8. Werewolf (1996)
    - Archaeologists (hah!) discover the skeleton of a werewolf in the Arizona desert. The film crew has no budget - though they did have at least on an arc lamp with a switch on it so lots of lightning but never any rain. The leading actors are both Germans pretending to be American; for both of them this is their 'other' movie (I have an IMDb listing longer than either star of this turkey). Highlights (and most of the on-screen budget) include:
    • An ancient Italian American security guard turning into a werewolf - while driving slowly past the same petrol station several times - before crashing into a sudden outbreak of middle of the highway, randomly placed oil drums full of explosives.
    • A lead actress who, struggling with her insufficient English, cannot say the word 'werewolf' the same way twice - even in the same sentence. The ability to say 'werewolf' convincingly should, I would have thought, been an prime asset in a film which is, for the most part, about wherevulfs. Whurwolfs? Wharwulfs? Worewolvs...?
    • A lead actor who presented with the task of transforming from vaguely symmetrical human being (as far as I could tell his only qualification for the part) to hideous hell beast (or at least the hairy teethy glove puppet shown in close ups) without the use of make up, choosing to writhe around and gurn on a bed like a constipated porn actor being told to fill in while his co-star goes for a pee. First year drama school stuff. "Now class, I want you to imagine you are bacon frying ... "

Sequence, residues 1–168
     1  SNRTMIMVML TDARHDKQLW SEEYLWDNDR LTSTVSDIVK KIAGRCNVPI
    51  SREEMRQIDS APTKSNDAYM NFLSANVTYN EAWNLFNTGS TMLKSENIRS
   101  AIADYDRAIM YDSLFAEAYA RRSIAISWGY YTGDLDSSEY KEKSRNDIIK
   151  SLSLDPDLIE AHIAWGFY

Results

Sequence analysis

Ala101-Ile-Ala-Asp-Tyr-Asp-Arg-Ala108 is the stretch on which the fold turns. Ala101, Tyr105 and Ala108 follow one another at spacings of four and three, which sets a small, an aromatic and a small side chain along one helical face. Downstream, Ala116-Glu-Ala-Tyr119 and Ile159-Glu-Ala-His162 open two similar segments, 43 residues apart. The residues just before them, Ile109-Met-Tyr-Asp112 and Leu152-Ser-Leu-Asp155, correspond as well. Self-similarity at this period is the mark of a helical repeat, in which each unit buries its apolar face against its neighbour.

And there's a 'twist' ending too! - pity it doesn't make any sense and its obvious from a mile away what it's going to be.

  9. The Thief of Bagdad (1927)
    - not The Thief of Bagdad (1940) which we had been expecting - damn Blockbusters! but both daughters, having got themselves into the frame of mind to watch an Arabian Nightish adventure, chose to watch a black an white silent epic with actors spending half of the time pointing wildly at the corners of the screen than something else more modern, in colour and with dialogue they didn't have to read off the screen. None of us realised it was two and a half hours long. One fell asleep, the other was hooked. Stunning sets - and Anna May Wong was lovely. "I think she is beautiful," as number one daughter kept saying. Mind you, she also said of some black actors: "I think they are African people, but I can't tell because it is in black and white."

  10. The Day the Earth Stood Still (1951)
    - What a quiet, restrained little movie this is. After watching far too many hysterical 1950s SF movies in which the 'World Communistic Threat' was thinly disguised as Aliens From Another Planet, either worming their invidious way into the vital bodily fluids of right thinking Americans, or rampaging, destroying and plundering property before being vanquished by the gallant Army, Navy, and Air Force - or assorted white coat wearing scientists - it was a pleasure to watch to see the other side of the coin for a change as a human like alien with a Message for all Mankind ("Stop with the bombs already or face certain annihilation from Higher Powers") is pursued and persecuted by the paranoia of the age. The Christian Allegory subtext isn't very far beneath the surface (the visiting alien calls himself 'Carpenter', is killed and resurrected before delivering his message, and then ascending to the heavens) but doesn't intrude.